Leigh Beadon over at Techdirt has an unconventional response to the LA Times ant story involving an artist who sketched one of my photographs:

There can be little doubt that the illustration is directly copied from the photo. But the question is, what creative contribution did Wild make himself?

...Wild's work could never have existed without the ant itself, and it seems like the primary purpose of the image is simply to document the appearance of the species. Facts aren't covered by copyright, and that's not just a legal nuance, it's a reflection of common sense: just because we observe and collect factual information about the world—even if we are the first to do so—doesn't mean we deserve any control over that information.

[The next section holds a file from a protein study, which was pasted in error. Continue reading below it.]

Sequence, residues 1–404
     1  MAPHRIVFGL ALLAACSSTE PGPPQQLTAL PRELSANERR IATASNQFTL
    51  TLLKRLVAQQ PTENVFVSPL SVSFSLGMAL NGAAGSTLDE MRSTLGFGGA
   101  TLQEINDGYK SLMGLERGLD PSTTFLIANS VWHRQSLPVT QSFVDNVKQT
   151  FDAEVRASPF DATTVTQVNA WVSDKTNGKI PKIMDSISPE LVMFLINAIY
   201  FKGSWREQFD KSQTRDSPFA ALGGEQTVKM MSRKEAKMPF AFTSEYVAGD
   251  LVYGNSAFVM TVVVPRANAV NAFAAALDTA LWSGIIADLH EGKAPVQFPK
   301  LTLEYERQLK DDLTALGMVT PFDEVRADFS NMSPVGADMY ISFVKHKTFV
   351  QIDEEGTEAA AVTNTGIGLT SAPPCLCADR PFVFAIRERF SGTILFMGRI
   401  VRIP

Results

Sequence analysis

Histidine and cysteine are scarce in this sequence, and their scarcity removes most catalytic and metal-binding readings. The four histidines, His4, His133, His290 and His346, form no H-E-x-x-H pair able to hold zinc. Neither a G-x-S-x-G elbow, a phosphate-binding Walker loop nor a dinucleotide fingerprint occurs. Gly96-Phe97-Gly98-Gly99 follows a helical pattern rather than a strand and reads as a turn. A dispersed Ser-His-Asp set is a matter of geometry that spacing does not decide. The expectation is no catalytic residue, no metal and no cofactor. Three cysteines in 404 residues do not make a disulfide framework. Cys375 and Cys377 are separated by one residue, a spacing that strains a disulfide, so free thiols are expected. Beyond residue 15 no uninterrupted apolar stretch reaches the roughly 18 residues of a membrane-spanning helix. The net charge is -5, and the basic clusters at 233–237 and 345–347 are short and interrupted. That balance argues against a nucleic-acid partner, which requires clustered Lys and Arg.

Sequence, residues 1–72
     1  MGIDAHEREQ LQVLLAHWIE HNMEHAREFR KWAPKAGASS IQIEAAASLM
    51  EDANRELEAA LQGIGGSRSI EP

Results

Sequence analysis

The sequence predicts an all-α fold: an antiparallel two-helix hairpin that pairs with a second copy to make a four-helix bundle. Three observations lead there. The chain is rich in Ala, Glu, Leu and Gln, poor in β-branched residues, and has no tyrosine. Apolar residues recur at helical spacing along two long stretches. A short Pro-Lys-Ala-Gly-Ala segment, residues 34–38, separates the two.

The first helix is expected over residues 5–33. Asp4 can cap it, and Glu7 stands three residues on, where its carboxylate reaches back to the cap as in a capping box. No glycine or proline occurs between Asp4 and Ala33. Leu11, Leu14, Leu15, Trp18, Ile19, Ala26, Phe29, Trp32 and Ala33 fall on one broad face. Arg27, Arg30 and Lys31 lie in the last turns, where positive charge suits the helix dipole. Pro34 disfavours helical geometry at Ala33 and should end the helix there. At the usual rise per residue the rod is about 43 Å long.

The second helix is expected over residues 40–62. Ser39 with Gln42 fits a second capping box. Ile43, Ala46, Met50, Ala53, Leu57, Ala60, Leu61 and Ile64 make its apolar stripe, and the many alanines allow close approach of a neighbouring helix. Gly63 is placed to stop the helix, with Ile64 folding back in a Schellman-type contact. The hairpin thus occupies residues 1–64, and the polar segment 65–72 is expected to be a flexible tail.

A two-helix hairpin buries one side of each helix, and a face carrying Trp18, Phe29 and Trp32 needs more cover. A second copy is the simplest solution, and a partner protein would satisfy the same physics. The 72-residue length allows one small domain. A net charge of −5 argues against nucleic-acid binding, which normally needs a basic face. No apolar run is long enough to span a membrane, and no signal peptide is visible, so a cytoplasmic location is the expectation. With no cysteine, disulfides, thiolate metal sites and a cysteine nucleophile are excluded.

Rephrased, photographs of natural scenes are basic knowledge, and no one should own that.

Let's extend this argument one step further. Because photographs of the natural world are facts, and because facts serve a public good, camera manufacturers like Canon should provide free gear to anyone who takes nature photographs. Web hosts should provide wildlife photographers with free server space. And restaurants- especially the Black Dog Smoke & Ale House, for example- should give us all free lunch.

It's for the public good, after all.